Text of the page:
In some respects this is the most difficult article I have written for PPM and in another respect it will be the most important because the reflection I have to make is fairly stark and quite humbling.

Over 12 months ago I decided to embark on a punting journey where I started with a punting bank of $5,000 with the hope of multiplying that into $7,600 by attempting to win 1 per cent per week or $50 per week.

In the March 2005 edition of PPM I detailed some mind numbing highs and lows but I found myself in front by $820 based on an outlay of $8,155 and my progress was positive. The journey since has been extremely interesting with several stumbling blocks along the way, some of which I felt would be a problem before I started and others which surprised me in the way they crept upon me.

The bottom line is that I have lost money up to and including Saturday, November 19. From an overall outlay of $15,375, covering many betting types and bet sizes, I have returned $14,940, which leaves me with a 2.82  per cent loss on turnover.

Before I start becoming too sombre let me state I am not totally unhappy about this as it has made me realise that I need to completely reassess what I can actually do as opposed to what I think I can do. Dollar-wise, the lost money is recoverable and, of course, I shall attempt to do so as quickly as I can…if there’s one thing I am in this world it is persistent!

Initially I wondered if bet sizes larger than normal would worry me to the point where I’d be a certain loser because I would be betting scared money. As you might have read in my most recent article on this journey I detailed bet sizes. Around $200 bets were fairly common and my worst losing day was the 2004 Cox Plate day where I lost over $800. After that meeting I felt like I had been battered by Mike Tyson over four rounds, but I recovered by stepping in with further gusto and I am now positive that large bet sizes are not a major issue for me, though like all of us with commitments in the real world, I still take deep breaths when the bets are larger.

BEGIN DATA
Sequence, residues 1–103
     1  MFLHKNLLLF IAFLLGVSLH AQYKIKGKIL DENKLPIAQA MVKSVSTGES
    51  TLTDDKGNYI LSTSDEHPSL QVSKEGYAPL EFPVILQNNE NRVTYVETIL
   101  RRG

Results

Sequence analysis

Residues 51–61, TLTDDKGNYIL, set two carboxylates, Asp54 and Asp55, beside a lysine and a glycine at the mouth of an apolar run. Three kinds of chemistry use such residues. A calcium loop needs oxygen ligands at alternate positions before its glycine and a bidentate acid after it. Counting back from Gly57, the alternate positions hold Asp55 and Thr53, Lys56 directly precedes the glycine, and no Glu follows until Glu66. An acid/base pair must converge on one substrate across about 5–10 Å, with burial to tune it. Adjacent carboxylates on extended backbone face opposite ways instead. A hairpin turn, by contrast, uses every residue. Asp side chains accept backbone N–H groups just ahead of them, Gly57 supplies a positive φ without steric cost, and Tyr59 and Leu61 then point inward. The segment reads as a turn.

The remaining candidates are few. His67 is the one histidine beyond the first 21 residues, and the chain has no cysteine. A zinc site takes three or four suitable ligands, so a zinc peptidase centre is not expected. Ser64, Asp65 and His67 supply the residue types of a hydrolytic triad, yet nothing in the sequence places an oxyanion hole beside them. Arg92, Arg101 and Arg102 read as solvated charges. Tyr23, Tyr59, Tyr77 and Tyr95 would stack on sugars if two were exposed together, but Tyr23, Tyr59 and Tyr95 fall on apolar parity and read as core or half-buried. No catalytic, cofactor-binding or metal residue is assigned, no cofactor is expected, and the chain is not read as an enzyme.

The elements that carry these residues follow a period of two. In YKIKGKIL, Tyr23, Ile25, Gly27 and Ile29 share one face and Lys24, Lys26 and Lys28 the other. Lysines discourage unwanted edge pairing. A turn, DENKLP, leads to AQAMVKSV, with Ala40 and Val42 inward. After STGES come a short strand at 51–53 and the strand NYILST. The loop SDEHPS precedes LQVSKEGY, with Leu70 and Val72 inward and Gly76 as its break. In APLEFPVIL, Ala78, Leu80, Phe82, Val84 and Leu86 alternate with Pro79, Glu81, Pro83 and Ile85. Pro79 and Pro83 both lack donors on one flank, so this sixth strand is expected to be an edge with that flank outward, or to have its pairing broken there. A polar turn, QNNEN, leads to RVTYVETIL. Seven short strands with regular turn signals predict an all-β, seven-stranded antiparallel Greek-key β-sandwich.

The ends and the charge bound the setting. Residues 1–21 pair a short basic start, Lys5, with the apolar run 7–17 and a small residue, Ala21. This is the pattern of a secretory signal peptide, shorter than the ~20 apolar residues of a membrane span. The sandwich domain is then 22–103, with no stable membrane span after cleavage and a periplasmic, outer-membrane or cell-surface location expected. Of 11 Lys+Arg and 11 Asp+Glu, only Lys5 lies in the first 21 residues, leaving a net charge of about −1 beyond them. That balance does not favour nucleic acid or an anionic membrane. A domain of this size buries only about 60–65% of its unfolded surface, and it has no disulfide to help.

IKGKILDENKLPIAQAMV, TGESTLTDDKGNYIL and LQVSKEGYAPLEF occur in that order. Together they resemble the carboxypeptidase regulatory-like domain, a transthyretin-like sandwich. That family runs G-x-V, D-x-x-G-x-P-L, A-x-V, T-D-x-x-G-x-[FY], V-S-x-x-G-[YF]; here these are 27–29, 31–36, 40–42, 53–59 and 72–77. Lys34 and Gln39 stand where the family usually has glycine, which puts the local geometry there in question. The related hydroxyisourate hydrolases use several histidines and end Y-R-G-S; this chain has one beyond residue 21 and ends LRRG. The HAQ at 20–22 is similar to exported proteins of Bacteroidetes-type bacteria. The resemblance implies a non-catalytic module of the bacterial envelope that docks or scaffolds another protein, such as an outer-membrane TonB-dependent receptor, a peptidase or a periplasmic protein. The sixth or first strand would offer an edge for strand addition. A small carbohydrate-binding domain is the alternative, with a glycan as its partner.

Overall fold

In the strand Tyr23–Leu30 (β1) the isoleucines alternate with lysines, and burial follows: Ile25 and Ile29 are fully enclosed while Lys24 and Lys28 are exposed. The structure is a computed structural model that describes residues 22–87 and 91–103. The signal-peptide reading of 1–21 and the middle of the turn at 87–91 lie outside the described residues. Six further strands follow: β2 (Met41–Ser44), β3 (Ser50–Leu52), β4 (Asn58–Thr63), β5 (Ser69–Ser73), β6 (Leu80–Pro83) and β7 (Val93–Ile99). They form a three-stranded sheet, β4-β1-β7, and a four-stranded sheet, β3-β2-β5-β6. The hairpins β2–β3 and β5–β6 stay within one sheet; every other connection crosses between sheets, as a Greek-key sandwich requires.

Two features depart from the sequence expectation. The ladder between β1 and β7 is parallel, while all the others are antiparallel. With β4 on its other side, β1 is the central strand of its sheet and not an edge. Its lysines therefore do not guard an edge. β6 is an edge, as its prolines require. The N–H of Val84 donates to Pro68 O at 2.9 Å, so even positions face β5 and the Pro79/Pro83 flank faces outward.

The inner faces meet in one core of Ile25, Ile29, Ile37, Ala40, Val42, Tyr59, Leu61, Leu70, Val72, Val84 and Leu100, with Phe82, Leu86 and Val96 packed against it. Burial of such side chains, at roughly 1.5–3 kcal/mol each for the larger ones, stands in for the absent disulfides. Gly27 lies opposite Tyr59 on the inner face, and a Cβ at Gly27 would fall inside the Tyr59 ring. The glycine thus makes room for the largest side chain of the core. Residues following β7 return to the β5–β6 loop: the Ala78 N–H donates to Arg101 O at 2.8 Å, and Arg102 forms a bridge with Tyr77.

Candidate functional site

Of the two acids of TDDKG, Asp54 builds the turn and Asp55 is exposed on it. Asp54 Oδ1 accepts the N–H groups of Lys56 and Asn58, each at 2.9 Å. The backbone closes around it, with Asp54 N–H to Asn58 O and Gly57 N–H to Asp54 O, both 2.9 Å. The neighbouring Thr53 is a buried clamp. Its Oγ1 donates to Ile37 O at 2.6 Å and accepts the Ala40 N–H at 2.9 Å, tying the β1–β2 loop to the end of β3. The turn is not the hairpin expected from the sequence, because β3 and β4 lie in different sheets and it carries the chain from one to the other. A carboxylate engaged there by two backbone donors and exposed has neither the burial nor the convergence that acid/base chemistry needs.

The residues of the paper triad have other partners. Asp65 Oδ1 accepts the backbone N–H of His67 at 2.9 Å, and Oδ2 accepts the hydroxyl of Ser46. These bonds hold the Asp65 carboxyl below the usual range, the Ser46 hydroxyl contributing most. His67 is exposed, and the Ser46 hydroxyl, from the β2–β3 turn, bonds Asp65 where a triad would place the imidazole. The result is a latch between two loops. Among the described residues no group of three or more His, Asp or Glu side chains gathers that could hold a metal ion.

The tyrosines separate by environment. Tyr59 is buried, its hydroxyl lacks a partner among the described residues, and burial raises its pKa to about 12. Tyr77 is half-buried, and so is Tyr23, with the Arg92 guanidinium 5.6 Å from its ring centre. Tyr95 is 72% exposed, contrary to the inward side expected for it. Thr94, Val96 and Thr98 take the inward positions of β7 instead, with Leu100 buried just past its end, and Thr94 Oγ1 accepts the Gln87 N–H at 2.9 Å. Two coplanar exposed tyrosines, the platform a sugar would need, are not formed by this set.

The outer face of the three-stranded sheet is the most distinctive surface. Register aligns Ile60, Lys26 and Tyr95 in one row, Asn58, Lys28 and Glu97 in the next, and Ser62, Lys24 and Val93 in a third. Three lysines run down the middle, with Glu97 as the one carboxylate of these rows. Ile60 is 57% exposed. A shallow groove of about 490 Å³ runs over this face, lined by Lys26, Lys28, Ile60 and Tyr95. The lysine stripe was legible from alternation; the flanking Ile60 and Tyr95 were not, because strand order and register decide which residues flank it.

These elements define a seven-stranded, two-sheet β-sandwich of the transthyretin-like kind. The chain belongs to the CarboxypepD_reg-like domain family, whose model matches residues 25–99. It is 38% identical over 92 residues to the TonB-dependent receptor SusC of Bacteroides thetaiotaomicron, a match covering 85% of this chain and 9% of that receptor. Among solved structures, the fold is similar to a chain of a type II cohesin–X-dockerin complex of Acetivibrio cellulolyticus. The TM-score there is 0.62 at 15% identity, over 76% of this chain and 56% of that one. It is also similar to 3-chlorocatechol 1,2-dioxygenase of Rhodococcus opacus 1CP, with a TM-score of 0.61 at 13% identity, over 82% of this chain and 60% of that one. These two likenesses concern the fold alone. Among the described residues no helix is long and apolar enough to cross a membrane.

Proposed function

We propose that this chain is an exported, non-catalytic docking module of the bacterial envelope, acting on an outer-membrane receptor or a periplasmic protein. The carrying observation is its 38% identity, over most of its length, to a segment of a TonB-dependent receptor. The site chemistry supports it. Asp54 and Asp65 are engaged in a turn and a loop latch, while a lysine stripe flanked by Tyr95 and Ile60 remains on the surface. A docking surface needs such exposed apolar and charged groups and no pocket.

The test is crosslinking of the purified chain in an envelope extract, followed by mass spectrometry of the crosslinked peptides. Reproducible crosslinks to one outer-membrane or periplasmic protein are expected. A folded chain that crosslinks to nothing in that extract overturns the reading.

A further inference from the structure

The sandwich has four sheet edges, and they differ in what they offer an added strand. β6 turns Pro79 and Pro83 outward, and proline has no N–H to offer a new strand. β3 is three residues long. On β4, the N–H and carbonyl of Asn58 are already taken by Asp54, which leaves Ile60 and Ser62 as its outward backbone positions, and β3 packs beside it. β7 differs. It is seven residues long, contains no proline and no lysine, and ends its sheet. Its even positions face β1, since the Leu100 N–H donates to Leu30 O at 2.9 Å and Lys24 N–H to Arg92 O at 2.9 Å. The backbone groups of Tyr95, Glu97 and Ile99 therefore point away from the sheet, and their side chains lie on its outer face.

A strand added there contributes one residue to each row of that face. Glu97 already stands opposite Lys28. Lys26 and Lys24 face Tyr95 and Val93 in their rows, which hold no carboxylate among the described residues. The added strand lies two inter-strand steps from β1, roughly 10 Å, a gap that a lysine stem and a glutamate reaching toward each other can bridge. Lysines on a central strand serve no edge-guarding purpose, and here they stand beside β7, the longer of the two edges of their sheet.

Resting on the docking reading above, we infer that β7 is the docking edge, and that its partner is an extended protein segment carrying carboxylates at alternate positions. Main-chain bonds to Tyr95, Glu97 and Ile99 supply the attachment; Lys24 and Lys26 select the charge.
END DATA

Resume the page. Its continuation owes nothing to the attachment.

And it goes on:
So where did I stumble when I should not have? At one stage I was feeling very chipper about my progress; this was just after the 2004 VRC carnival at which point I had recovered the lost money from Cox Plate day, had jagged some nice exotics along the way and the POT was going along quite OK.

Upon reflection, and studying the up and downs of my foray into exotics, I can see where all of a sudden I started to believe I had the exotics under reasonable control and I started to pump money into them with fervour I now find beyond belief. Although I at least kept the bet sizes sensible I was not successful in that area for too long, which is funny because I have never really been all that interested in betting on exotics, preferring the steady grind of win and place betting.

There is something mentally comfortable about win and place betting compared to the exotics and it must be the more regular collects! While I began to concentrate on the exotics I eased back on the bigger win bets after the carnival and started to lose consistently in the manner of a dripping tap which started off as a puddle and soon became a small pond to the point I began to feel blood in my wallet.

Just after the New Year I decided the exotics were not working for me and I eased back on them with the bottom line being that I was just short of $1,000 down overall by mid-January after being $820 in front a couple of months earlier. That was 20 per cent of my bank and it hurts me now to think of how infatuated I had become with exotics, though I have to say that not all of the $1,800 turnaround was just the exotics; I also had a losing streak on the win and place side.

I had to start again. I had lost the plot. I started a series of smaller attacks based on Perth betting, top-weights, trainers and my favourite, my ‘Elite’ selections where I concentrate on the Group type races. During the autumn I started to peg back the losses but I was still a long way behind the target of increasing my bank by 50 per cent.
Bang! Two things happened which knocked me down again.

One, a terrible spate of wet tracks in Perth which had an old mate of mine, PPM contributor Ken Blake from Perth, declaring that in the 23 years he has been there it was the worst run of consistently wet tracks he could recall. You just cannot bet in Perth on even dead tracks because the dry tracks are the norm and most runners are not wet trackers, so after losing some hefty wagers on horses obviously lacking any ability on dead tracks I closed shop in Perth.